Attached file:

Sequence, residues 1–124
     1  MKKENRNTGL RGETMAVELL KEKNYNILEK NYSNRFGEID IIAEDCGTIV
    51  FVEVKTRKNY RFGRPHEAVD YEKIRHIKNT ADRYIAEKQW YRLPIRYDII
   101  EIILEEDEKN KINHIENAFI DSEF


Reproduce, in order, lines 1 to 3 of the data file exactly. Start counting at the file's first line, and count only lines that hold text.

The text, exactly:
Sequence, residues 1–124
     1  MKKENRNTGL RGETMAVELL KEKNYNILEK NYSNRFGEID IIAEDCGTIV
    51  FVEVKTRKNY RFGRPHEAVD YEKIRHIKNT ADRYIAEKQW YRLPIRYDII